Stress issue number two actually predated the first one by three days, which means it had time to ferment and grow. Last Saturday morning, following my triumphant return home from an epic road trip to Oregon and back, I had taken my motorcycle up to Randy’s Cycle in Marengo. By Saturday afternoon, I noticed something quite new in my garage: a fresh oil stain. I could not tell with certainty where on my bike the oil was leaking from, but my initial thought was that the oil was leaking at the drain plug and finding its way to my gremlin bell before dripping onto my previously oil-free floor.

To say that I became stressed over this discovery would be an understatement. After all, I had brought my favorite shop a motorcycle that did not leak oil and they seemingly sent me home, 57 miles away, with one that did. On top of all that, the shop had already closed before I made this unsettling discovery, and it was a holiday weekend, so the shop would not be open again for three days. So there I was, set up with a holiday weekend and no bike to ride because mine was busy marking territory in my garage—something that this brand is not known for.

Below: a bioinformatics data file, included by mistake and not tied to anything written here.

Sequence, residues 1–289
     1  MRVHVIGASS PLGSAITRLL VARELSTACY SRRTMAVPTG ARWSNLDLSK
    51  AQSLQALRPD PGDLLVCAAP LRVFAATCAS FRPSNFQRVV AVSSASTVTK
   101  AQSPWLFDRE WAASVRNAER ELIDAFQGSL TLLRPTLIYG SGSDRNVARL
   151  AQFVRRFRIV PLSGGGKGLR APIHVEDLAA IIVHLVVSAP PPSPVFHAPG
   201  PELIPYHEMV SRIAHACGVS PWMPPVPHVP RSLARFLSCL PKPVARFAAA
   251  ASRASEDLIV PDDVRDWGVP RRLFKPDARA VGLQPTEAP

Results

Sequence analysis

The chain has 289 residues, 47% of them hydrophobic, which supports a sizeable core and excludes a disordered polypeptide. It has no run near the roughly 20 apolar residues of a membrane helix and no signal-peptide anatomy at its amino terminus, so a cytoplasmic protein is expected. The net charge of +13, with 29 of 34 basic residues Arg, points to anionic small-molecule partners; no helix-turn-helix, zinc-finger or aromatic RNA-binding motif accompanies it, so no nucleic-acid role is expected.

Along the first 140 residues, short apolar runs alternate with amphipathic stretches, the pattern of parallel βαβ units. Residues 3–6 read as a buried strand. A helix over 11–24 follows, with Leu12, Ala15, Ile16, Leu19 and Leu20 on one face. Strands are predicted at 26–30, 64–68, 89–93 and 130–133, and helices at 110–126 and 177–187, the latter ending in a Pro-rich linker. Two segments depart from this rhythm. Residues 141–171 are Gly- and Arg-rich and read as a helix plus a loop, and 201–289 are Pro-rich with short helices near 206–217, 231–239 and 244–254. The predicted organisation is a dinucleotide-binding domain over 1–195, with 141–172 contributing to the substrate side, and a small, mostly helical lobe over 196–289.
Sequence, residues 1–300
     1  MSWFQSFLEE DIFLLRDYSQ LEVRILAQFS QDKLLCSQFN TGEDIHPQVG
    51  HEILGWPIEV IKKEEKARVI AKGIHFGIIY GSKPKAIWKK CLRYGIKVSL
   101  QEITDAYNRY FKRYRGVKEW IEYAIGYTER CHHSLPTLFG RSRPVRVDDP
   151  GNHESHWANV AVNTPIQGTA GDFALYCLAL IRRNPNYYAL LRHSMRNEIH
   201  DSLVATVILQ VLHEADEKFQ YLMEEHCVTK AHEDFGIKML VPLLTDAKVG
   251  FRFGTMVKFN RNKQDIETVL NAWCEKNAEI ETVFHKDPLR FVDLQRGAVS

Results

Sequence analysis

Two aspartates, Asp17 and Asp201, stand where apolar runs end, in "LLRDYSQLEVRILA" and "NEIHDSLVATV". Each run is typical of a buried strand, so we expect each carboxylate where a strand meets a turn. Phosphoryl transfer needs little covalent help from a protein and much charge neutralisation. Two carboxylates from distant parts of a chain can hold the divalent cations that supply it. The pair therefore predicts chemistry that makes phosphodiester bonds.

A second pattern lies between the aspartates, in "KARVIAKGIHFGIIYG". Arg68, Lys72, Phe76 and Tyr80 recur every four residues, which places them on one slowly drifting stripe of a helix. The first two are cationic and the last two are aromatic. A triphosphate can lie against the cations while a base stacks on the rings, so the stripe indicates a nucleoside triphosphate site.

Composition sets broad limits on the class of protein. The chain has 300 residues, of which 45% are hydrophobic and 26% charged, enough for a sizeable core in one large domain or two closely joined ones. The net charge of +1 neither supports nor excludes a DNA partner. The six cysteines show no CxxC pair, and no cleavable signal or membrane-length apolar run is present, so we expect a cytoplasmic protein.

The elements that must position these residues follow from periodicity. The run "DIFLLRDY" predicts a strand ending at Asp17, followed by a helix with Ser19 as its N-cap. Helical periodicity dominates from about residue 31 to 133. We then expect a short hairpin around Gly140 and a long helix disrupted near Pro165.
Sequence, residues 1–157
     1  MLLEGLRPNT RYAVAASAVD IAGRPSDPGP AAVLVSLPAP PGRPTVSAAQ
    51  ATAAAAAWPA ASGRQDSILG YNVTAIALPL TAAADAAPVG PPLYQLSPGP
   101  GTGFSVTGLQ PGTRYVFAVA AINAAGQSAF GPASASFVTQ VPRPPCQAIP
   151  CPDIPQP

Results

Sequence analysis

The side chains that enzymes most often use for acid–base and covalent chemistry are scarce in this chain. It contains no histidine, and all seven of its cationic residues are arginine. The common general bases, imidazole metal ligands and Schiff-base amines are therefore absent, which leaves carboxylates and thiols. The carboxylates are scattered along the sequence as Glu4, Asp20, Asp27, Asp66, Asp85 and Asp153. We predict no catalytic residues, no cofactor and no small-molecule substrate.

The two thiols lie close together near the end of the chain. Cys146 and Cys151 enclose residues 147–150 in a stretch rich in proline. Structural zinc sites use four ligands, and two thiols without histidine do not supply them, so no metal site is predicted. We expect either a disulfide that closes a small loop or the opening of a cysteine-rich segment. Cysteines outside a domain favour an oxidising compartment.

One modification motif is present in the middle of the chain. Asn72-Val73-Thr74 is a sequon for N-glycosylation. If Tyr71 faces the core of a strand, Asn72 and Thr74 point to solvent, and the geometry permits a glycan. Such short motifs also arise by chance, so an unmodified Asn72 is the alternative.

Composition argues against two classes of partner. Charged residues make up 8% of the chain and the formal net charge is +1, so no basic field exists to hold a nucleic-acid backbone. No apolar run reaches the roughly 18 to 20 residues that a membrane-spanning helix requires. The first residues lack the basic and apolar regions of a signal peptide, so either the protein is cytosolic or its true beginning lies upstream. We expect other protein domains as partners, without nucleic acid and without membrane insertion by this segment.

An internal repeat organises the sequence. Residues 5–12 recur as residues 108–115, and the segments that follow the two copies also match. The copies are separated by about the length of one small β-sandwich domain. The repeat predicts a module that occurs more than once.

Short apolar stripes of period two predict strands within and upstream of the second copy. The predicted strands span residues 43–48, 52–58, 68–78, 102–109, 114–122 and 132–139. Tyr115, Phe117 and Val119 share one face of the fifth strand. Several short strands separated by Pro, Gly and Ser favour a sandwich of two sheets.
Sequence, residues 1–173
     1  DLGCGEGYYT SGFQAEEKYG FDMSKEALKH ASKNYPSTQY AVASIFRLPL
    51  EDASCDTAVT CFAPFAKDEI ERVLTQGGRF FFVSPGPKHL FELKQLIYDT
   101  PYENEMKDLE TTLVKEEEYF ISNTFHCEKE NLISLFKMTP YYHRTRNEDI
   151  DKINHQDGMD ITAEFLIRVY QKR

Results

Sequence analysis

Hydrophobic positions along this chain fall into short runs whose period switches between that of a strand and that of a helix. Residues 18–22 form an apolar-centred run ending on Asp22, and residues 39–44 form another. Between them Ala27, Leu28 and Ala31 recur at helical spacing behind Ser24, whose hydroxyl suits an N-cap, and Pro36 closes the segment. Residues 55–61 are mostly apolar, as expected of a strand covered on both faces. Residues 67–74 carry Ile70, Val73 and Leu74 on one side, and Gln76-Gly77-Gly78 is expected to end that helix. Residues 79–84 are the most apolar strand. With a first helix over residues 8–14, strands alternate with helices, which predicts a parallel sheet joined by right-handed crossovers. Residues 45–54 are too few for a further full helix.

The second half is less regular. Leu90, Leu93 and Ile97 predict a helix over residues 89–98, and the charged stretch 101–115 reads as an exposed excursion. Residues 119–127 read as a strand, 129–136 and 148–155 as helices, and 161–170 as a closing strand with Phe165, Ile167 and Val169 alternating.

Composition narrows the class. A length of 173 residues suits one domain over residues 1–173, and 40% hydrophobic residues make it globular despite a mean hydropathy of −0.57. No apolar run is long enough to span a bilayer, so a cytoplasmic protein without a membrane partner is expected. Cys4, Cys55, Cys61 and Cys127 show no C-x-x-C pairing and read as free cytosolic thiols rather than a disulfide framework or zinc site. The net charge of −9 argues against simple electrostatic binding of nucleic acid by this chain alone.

But here’s the thing: I already knew, with certainty, that whatever the problem, whatever the cause, the folks at my shop of choice would make it right. They had done so before, even when the issue wasn’t their doing. I’ve been doing business with Randy Weaver and company for over three years now. They are known to be the best Victory dealer in all of Northern Illinois and in my opinion, that reputation has been well-earned.